Hot Pod creator Nick Quah on the ‘massive gap’ between podcast monetization and engagement

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The question of whether podcasts have hit the American mainstream is kind of like asking the same about Major League Soccer.

Both have grown for more than 20 years, but remain smaller than their counterparts in media or sports.

In the case of podcasts, advertising revenues grew by nearly 50% last year, to $708 million, according to an IAB/PwC report published this month. The figure is expected to grow by another 15% in 2020, despite the coronavirus crisis that temporarily put a dent in listenership numbers.

That remains much smaller than traditional TV’s shrinking but still massive $61 billion for 2020, according to a recent estimate by GroupM.

Plus, “there remains this massive gap between monetization and the actual engagement of it,” said Nick Quah, creator of the industry-tracking newsletter Hot Pod and host of LAist Studios’ “Servant of Pod.”

Still, the industry has proven attractive enough for traditional players to make significant investments. “The past six years has largely been the story of capital coming in and different legacy institutions finding their positions in it,” Quah said.

Those six years cover the time since “Serial,” the true crime podcast, captured enough mainstream attention to merit a spoof on Saturday Night Live. The team behind it, Serial Productions, will be acquired by The New York Times Company, it was announced last week.

Quah joined the Digiday Podcast to talk about that acquisition, Spotify’s recent spree of purchases (including a massive $100 million deal with Joe Rogan) and whether there’s a place for paid subscription podcasts.

Here are highlights from the conversation, which have been lightly edited for clarity.

Before and after ‘Serial’

The last six years was the formation of the industry foundation. Before 2014 [and “Serial”], there was commerce and a nascent business in the making. There was podcast ad network Midroll, which tried to figure out advertising at scale for the medium. But there was still a sense that podcasting needed to validate itself in the eyes of large advertisers. That was the real shift — when capital started coming in and different legacy institutions started to find their market positions, even as new players entered to find their place within those ranks.

With new money, what happens to the podcasts recorded in a garage?

Film and television is an interesting comparison point. While there are structural differences there, I think what happened in the ’70s, ’80s and ’90s to the creative filmmakers — there’s still spaces for those filmmakers to be creative and independent today —it just looks significantly different than the heyday when people were getting really weird and they could be supported by relatively smaller studio structures. I feel like we’ll probably end up in a place where there will always be space for scrappier, weirder operations to make their stuff [and] maybe access an audience. But it’s a fundamentally different sub-genre of the market compared to what most podcasting is going to be, which is more Will Ferrell, more Conan O’Brien, more rich, white, mostly men doing stuff. That’s just kind of how this capitalistic structure of media works. It always privileges the core elites.

Gambling on Joe Rogan

There’s this understanding that the kind of people who listen to Joe Rogan are not exactly the kinds of people you can get from other podcasts — The Daily, This American Life, Bodega Boys, whatever. There’s this sense there’s a unique bucket of people there. There’s also ethical problems with that. Joe Rogan is a controversial person who brings on controversial guests. He’s ‘just asking questions,’ a quote, unquote free thinker. It pushes Spotify into this possible liability area where they have to deal with the Facebook problem: Are you a platform? Are you a publisher? Do you have any responsibilities of what’s being said by people you sign deals with? So $100 million could backfire here. That’s not to mention misinformation, something every platform is dealing with. Spotify has yet to get there, even though they did port over a bunch of Covid-19 podcasts in the initial wave, some of which were rife misinformation distributors. But we didn’t see any sort of real flashpoint.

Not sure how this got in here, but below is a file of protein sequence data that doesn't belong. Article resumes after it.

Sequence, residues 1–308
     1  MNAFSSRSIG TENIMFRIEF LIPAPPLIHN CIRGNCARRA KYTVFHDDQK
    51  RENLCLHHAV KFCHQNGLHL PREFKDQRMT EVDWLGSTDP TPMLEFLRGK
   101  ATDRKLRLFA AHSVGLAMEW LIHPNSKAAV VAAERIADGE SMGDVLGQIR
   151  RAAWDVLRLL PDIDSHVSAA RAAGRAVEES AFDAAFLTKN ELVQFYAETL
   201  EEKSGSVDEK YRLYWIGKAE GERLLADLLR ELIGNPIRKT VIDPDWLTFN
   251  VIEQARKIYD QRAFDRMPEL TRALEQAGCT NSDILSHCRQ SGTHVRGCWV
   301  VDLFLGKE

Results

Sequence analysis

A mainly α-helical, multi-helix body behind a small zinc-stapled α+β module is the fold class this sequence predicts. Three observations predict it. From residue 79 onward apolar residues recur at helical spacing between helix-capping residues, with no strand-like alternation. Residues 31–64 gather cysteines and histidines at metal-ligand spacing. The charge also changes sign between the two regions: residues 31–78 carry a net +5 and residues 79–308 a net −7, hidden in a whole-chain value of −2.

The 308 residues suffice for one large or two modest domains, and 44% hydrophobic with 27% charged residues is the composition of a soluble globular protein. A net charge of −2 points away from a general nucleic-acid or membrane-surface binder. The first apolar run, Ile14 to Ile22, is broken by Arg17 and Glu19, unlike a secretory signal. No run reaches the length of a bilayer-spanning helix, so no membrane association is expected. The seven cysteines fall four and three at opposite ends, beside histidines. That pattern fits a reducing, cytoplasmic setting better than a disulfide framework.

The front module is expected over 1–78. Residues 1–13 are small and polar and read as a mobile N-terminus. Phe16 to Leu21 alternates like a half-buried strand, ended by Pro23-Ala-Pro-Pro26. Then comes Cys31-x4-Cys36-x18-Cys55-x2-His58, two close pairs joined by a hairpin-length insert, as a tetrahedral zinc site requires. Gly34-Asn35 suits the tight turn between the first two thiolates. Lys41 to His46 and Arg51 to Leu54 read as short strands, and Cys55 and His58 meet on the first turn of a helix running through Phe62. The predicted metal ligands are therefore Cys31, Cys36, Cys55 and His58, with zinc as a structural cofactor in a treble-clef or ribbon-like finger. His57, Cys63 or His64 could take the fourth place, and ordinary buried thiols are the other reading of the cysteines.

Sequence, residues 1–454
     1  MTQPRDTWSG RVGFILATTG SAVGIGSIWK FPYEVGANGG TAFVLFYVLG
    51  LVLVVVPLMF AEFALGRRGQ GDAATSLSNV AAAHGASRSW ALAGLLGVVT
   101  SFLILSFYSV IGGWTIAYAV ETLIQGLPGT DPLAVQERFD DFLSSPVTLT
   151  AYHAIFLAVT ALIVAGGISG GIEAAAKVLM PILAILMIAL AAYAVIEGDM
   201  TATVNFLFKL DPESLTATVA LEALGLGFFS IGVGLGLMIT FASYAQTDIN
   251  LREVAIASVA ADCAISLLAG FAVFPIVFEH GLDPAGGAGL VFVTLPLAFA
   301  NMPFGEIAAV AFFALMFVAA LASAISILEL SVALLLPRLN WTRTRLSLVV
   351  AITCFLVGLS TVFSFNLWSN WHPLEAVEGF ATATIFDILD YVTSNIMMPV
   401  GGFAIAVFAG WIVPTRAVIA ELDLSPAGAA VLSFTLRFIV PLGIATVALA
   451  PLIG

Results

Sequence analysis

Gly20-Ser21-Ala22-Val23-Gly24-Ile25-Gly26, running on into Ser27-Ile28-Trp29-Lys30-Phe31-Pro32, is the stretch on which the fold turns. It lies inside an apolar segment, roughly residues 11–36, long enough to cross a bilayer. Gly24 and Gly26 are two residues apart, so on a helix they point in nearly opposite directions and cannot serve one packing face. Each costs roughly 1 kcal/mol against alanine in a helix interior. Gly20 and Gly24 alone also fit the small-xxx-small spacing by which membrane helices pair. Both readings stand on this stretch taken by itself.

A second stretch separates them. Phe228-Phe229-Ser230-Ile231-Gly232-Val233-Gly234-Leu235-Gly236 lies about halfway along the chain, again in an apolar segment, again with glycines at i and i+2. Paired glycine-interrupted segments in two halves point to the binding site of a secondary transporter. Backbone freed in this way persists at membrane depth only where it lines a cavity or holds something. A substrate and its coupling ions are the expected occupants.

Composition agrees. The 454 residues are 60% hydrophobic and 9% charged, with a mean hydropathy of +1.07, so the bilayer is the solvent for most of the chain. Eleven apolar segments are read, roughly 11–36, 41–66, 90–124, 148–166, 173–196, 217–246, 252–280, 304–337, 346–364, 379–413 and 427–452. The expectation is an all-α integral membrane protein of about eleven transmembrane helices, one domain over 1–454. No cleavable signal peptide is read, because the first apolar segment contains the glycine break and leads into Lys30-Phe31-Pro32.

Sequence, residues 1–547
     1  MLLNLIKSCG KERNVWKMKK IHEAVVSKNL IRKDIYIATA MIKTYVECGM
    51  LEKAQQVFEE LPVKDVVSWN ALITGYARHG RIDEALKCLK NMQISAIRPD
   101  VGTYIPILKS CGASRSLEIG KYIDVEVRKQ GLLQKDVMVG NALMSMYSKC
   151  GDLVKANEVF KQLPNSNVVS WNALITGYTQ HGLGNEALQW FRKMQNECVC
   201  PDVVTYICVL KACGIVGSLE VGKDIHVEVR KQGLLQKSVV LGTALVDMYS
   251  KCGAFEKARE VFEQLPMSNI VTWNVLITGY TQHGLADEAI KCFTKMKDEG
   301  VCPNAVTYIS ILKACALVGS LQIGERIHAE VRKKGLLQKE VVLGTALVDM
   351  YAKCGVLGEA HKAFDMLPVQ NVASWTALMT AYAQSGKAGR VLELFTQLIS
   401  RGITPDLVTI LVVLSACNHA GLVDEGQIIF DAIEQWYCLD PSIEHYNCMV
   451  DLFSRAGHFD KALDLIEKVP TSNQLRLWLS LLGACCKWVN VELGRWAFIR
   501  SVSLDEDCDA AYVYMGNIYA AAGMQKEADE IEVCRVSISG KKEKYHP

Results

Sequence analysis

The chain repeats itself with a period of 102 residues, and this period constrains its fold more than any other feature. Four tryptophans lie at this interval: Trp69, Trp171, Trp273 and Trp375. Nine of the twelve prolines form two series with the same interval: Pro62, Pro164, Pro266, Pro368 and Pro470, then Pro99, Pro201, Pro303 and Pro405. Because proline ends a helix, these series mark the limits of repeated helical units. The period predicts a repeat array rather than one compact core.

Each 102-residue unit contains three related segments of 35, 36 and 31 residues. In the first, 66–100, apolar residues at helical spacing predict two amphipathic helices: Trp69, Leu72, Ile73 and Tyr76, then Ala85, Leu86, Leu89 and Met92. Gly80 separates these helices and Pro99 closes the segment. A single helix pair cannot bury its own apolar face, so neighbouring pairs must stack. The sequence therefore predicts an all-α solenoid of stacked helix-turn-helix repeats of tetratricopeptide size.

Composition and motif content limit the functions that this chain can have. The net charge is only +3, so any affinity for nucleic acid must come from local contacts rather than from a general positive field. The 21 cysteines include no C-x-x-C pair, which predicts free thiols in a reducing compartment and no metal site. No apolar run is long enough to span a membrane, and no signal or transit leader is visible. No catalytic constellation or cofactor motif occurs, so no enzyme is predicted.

Most quality podcasts are free, making paywalls a tall order

You have an infinite competition issue, because I can get millions and millions of true crime podcasts anywhere else for free. Why would I pay for this one in particular? That value proposition has to be very defined. I believe in the argument that there’s more yardage if you were to build a paid subscription business around a niche that hasn’t been well served by podcasting just yet — maybe it’s fiction, maybe it’s sports — and be very disciplined about it. And when it comes to the technical stuff, podcast distribution is decentralized still. Most of it seems to be routed through Apple, and [increasingly] through Spotify. If you’re going to try to build a paid subscription business, you’re either in the app marketing game, in which case you’re in one of the hardest games in the business, or you’re going to play ball with one of these bigger distributors [and] you’re an ant in a savannah of elephants.

Join us on Friday, July 31 at 12 p.m. ET on The New Normal, a weekly interactive show focused on how publishers are adapting their businesses. Allure editor-in-chief Michelle Lee will talk with Digiday editor-in-chief Brian Morrissey about the future of the beauty and wellness industry — and of the newsrooms that cover it. Register here.

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